“The increasing use of technology in finance (‘FinTech’) in recent years has added complexities and posed challenges for regulators and supervisors across the globe”. These words are taken from the European Parliament “Regulatory Sandboxes and Innovation Hubs for FinTech” report (September 2020) and they clearly depict the role of the so-called Innovation Facilitators, namely that tools created for financial institutions to let them test new technologies and services in a safe environment, supervised by the regulator.
Leaving aside for the moment the Innovation Hub, we would like to offer a snapshot of the Regulatory Sandbox, a tool launched in 2017 from the UK and already widespread in Europe, but not only (also in Singapore, for instance). A sandbox is a fenced-in space where children can play safely on the sand, but this word has been passed into the informatics vocabulary, where it defines a safe environment created to test new software before their release. Also in the Regulatory Technology sector the concept is the same: the sandbox is a protected area dedicated to innovation, where financial institutions, supervised by the authorities, can experiment, namely create test and development environments with specific regulatory derogations. Besides, the sandbox aims to enhance the “supervisory understanding of emerging technologies, which can inform an adequate policy response to FinTech” (source: European Parliament). To sum up the goals of Regulatory Sandboxes, we would like to report the translations of the 4 points presented in a detailed article by fintastico.com.
And more, as highlighted in the SupTech report by PWC, this tool is designed also to:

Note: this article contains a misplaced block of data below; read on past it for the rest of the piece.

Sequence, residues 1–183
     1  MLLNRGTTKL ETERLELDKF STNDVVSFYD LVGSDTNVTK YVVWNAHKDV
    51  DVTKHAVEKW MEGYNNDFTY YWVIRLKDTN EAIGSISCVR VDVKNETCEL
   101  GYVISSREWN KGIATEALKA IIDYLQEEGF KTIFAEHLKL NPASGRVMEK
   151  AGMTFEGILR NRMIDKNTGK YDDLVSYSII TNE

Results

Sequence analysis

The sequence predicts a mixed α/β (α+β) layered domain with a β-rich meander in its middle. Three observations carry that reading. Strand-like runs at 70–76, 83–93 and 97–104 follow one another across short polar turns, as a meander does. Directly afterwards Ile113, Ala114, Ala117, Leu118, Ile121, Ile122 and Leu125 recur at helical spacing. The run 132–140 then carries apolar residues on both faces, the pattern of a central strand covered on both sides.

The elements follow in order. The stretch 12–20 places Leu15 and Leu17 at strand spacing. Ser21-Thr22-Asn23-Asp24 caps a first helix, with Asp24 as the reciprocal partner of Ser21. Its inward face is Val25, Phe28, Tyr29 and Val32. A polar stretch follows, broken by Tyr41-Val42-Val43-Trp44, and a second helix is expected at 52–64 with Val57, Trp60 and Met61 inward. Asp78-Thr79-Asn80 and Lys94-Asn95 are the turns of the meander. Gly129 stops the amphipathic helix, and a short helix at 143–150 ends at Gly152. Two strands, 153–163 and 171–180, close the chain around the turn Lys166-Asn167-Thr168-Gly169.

As usual, practice introduces many limits and difficulties in comparison to the theory, but the first results observed by the Regulatory Sandbox Promoters countries - specifically the UK and the Netherlands - are encouraging (reduction of time and costs for the introduction of innovative ideas in the market, facilitation for the access to investments, collaboration with innovator institutions, etc.) and they have pushed other countries (the Followers, among which is Italy) to follow their route - waiting for the so-called Observers (for example, France and Germany) to align. Here we will not dwell about that, but we refer to the already cited sources to go deepen in this topic.
Also Italy has equipped with a Regulatory Sandbox, specifically since the regulation included inside the article 36, comma 2-bis of the D.L. 34/2019 (the so-called “Decreto Crescita”), which requires the power of the Italian Ministry of Economy and Finance (MEF) to emanate ordinances to regulate the FinTech experimentation. The applications to access the Italian Regulatory Sandbox are limited to specific kinds of business and they also need to include particular requirements, always defined by the MEF (for further details on that, we refer again to the article by fintastico.com) and supervised by the so-called Comitato FinTech, responsible to formulate guidelines and best practices, and to promote the communication and the coordination between the sector operators and the institutions/authorities. Draw up proposals for regulatory interventions, make agreements with the Universities, simplify the iter of admission to the experimentation and facilitate the access to start-ups. These are just some of the goals of the Italian sandbox (a more exhaustive list can be found in the PWC report), inspired by the UK and Netherlands models. To briefly sum up, the Regulatory Sandbox is configured as a potentially powerful and increasingly necessary tool to face a situation that currently “can lead to market fragmentation and impede the scaling-up of financial innovations across the EU” (source: European Parliament) - and beyond.
We have been working for years in the Regulatory Technology field and we have created Daitomic, the AI solutions that will revolutionize the RegTech market. This banking compliance management platform exploits cutting-edge Machine Learning systems to automate repetitive tasks, saving time for human-centric and value-added activities. In this sense, Daitomic can be compared to Regulatory Sandboxes, at least as regards regulations accessibility and regulatory obligations automatic extraction, similarly aiming to reduce time and costs needed to be compliant with European and national banking regulations. Want to learn more?